I can't say that I'm a huge fan of athletics. In no way can i imagine anything more boring than simply running in a straight line, or jumping (high or long) or throwing a stick or a plate as far as I can! However it has to be said that the 100m finals at major events do have a certain appeal. The athletes in this event are a little more flamboyant, you have in the back of your mind that they may well be goosed up on steroids, and to top it all off they can run like the clappers! All this makes for a semi-exciting spectacle.
Of course just at the minute one man in particular draws the attention of the masses like no other, Usain Bolt. On Sunday I was sat at work when I remembered that the great Jamaican would be about to feature in the World Championship's 100m final. So I stopped working and tuned in. Before the race had even begun I was aware that any false start made by an athlete would result in immediate disqualification and I even joked with a colleague about the possibility of Bolt having to take a back seat having been too eager at the first attempt. Then, as we now all know, he did just that. The whole stadium in Daegu fell silent in shock and I just sat there dumbstruck as a Korean official who took his job far too seriously attempted to usher the fastest man on earth off the track.
When my jaw finally picked itself up off the desk, I got to thinking: Why was athletics single handedly destroying itself. I can guarantee that as soon as Bolt was disqualified a large proportion of the watching audience either turned off their TV or began a Mexican wave in the stadium out of sheer boredom. The man everyone had come to see was denied his 10 seconds in the sun and everyone apart from athletics aficionados all of a sudden couldn't have cared less who won the race. I can't even remember the other Jamaican's name but I do know he only ran 9.94 which Bolt would have obliterated.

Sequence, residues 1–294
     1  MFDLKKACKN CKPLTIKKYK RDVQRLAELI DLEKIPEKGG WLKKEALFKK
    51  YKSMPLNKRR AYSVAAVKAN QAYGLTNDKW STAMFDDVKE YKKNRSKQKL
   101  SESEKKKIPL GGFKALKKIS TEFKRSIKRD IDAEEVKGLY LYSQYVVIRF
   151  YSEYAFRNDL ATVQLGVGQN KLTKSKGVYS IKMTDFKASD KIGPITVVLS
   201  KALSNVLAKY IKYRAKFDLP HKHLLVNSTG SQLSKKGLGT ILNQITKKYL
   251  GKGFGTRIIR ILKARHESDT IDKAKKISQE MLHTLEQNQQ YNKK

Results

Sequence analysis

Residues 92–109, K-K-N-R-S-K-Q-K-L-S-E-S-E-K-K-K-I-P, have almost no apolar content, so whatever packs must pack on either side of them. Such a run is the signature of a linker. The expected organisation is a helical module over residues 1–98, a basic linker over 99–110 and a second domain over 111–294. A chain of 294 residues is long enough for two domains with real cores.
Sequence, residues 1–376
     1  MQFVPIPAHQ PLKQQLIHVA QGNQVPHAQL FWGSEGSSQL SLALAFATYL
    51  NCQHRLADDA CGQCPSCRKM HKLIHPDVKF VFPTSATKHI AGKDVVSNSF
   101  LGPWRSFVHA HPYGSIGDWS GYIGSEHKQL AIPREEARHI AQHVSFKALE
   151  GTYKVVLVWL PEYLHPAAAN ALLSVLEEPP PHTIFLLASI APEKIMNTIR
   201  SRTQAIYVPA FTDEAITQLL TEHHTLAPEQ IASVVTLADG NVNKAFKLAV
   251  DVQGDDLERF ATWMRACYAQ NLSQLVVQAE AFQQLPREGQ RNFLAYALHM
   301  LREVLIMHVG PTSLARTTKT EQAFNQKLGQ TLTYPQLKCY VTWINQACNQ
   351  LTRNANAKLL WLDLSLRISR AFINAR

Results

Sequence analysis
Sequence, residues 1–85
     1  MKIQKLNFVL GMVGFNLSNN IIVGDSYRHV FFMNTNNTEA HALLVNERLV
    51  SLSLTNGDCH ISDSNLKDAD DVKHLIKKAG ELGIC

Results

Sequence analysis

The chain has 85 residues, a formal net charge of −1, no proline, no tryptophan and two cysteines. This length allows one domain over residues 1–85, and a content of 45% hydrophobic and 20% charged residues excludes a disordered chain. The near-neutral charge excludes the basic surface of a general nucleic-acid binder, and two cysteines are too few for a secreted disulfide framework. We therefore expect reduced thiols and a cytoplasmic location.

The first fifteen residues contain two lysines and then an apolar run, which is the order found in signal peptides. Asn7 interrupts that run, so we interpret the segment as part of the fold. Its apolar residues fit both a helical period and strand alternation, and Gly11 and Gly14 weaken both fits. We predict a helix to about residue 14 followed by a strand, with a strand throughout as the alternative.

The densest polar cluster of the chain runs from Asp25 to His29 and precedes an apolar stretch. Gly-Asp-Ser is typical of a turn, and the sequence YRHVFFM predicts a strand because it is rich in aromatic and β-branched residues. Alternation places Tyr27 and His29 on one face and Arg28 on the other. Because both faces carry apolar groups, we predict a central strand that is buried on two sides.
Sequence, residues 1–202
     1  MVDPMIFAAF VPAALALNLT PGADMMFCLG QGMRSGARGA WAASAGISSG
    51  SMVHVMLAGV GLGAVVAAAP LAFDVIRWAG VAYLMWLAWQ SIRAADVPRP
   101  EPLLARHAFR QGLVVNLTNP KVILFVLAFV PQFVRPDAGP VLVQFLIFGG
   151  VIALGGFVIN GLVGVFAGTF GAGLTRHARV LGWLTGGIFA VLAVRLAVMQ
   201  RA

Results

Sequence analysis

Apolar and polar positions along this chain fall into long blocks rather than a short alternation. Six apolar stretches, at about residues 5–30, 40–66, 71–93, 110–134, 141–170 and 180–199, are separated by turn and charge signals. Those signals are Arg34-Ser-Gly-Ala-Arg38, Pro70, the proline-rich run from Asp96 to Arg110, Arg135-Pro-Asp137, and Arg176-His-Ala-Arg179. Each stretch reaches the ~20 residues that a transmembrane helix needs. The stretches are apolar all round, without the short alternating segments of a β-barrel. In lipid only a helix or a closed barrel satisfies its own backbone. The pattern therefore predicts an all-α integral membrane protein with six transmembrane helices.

Is this a rule that will be enforced at the Olympics? Can you imagine the world being denied a proper 100m final? I would rather they were all on drugs than see the best men ousted due to a technicality. Part of the drama of the 100m in previous years are the false starts; will they get away this time, who can leap out the blocks at the perfect moment, which men can keep their composure.
The two strikes and you’re out rule seemed to work a lot better and was fairer on the racers and the spectators. Whoever is in charge of making these decisions needs to revert back to how the race used to be run before London 2012 is mired with controversy!